Clinical trial evidence on whether reformulations have greater efficacy or tolerability than the original formulations is relatively sparse and mixed at best.9 Among the six reformulations we assessed, even the most studied (Lexapro) has only a handful of trials comparing it to Celexa. Most studies for the six reformulations show little or no difference in efficacy. For those that do (a subset of the studies of Lexapro vs. Celexa; no studies of the other reformulations find efficacy differences), the difference in symptom reduction typically is relatively small, and some have argued not clinically meaningful.10 Results on tolerability differences are also mixed. Some studies show no difference, while a small number find that a particular reformulation may be associated with somewhat less severe side effects than its original formulation, particularly in the early phases of treatment. In theory, greater tolerability early in treatment could increase the likelihood that some patients continue taking the medication until they reach therapeutic durations, although these studies did not document differences in dropout rates due to side effects. Regardless of whether reformulations show greater efficacy or tolerability in carefully-selected populations enrolled in clinical trials, understanding whether there are any benefits from reformulation use requires measuring benefits for all users, not just clinical trial participants.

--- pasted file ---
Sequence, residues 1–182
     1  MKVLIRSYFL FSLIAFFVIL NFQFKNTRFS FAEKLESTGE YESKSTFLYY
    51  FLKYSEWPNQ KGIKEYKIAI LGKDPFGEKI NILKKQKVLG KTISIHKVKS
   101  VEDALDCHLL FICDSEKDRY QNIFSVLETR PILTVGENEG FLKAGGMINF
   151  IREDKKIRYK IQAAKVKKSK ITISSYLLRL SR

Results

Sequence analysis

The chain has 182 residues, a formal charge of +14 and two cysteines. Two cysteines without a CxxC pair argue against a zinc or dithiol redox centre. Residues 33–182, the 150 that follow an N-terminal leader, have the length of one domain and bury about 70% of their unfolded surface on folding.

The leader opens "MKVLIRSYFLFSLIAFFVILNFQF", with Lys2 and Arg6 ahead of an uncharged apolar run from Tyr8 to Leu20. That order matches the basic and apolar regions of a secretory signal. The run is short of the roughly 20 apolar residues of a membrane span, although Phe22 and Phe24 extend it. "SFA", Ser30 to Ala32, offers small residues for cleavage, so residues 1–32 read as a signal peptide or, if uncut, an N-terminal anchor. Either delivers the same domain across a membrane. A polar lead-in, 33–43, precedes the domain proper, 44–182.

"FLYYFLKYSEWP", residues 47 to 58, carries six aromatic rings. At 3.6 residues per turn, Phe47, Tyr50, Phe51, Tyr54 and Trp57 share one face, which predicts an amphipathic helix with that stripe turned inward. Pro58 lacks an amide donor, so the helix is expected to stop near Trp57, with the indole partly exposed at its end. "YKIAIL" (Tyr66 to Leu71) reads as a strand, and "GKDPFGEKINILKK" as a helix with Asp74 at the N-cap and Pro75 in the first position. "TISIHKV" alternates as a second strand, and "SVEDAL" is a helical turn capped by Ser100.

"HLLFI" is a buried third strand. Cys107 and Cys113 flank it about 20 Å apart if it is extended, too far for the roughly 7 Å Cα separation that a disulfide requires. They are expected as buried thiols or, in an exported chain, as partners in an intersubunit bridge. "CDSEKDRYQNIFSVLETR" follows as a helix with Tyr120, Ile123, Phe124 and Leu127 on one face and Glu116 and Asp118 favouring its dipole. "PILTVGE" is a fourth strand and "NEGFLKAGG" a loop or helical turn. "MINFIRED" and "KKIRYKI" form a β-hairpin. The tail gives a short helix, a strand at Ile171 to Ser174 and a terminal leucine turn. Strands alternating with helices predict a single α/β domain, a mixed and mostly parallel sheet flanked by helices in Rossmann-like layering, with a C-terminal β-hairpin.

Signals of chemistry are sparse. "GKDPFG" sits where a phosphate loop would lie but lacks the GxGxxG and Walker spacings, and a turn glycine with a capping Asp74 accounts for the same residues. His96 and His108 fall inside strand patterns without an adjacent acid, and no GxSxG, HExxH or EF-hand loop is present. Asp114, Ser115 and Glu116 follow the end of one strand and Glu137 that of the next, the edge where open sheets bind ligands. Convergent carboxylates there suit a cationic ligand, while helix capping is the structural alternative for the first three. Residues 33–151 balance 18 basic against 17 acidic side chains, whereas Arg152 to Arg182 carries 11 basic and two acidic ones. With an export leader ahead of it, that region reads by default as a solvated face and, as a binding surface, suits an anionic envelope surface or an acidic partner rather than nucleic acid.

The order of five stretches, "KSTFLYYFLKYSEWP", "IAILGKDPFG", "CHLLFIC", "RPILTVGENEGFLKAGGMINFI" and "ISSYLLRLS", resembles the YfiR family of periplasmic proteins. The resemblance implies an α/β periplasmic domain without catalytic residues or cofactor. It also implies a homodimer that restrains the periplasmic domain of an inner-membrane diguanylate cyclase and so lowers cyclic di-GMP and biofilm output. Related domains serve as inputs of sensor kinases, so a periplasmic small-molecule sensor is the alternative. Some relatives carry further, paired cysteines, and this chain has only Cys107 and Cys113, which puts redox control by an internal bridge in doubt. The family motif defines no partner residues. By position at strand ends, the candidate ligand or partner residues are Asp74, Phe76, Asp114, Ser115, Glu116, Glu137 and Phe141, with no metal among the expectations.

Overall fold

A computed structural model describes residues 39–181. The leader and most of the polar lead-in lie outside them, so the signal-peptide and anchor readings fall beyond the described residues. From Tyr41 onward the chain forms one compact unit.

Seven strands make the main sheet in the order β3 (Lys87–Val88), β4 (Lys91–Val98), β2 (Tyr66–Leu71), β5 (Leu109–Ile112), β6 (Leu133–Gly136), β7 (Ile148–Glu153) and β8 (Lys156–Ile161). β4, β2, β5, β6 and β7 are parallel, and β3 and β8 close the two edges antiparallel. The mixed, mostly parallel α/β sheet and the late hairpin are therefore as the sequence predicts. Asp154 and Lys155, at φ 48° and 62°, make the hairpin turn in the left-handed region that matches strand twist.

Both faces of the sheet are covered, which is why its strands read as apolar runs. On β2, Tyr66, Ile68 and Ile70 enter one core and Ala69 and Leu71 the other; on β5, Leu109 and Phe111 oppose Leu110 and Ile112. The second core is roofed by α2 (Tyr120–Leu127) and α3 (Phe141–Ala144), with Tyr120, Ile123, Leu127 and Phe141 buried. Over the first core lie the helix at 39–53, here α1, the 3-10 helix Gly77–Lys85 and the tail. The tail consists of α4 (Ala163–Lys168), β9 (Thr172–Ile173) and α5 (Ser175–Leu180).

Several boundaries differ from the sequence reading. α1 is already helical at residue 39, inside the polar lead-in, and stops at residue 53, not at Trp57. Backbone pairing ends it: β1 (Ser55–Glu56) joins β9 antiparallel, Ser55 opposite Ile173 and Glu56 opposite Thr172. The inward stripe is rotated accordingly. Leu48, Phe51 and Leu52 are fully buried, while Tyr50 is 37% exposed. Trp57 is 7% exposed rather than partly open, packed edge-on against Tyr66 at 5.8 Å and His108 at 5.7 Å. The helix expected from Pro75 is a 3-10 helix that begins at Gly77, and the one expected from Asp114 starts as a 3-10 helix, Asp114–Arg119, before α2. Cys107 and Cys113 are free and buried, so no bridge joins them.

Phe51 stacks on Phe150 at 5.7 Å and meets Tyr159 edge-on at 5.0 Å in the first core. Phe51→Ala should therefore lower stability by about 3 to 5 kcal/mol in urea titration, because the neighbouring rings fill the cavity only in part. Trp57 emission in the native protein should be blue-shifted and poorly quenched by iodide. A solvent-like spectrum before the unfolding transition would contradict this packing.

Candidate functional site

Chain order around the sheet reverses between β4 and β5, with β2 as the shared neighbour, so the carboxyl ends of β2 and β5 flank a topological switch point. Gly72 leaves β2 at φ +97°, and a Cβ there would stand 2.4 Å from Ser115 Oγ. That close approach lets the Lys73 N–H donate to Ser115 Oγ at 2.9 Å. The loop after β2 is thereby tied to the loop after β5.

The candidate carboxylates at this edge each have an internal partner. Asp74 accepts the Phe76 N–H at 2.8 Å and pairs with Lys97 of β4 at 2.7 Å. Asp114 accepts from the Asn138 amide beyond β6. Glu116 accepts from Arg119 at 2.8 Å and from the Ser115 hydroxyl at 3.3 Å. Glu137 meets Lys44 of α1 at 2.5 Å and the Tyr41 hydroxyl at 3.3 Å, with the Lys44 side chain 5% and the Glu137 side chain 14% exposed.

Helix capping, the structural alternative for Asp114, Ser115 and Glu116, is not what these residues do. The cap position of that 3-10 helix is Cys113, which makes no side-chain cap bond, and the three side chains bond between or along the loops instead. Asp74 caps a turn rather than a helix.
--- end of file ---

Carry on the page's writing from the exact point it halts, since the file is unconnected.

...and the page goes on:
Using eligibility and claims data over the period July 1996 through June 2005, we first identified characteristics associated with use of a specific reformulation.11 Then, we quantified patient benefit in two ways. Our primary measure was the likelihood of receiving antidepressant therapy for a duration consistent with professional guidelines for acute phase treatment of major depression.12 Receipt of such care has been documented to be predictive of significant improvement in mental health outcomes.13 To determine whether reformulation users are more likely to get appropriate pharmacotherapy, we compared the likelihood of receiving guideline-consistent duration among individuals using a given reformulation and individuals using its original formulation. We also examined an intermediate measure of benefit - medication continuation. Professional guidelines for mental health conditions other than major depression are not specific about appropriate antidepressant duration. However, the clinical literature suggests that there can be delays of several weeks or longer for an antidepressant to reach its maximum therapeutic effect, and antidepressant continuation up to some minimal duration is generally viewed as associated with positive outcomes like symptom reduction.14 Thus, we compared time to discontinuation among individuals using a given reformulation and individuals using its original formulation. If reformulations have greater tolerability, efficacy, or quicker onset of therapeutic benefit, then discontinuation rates should be lower.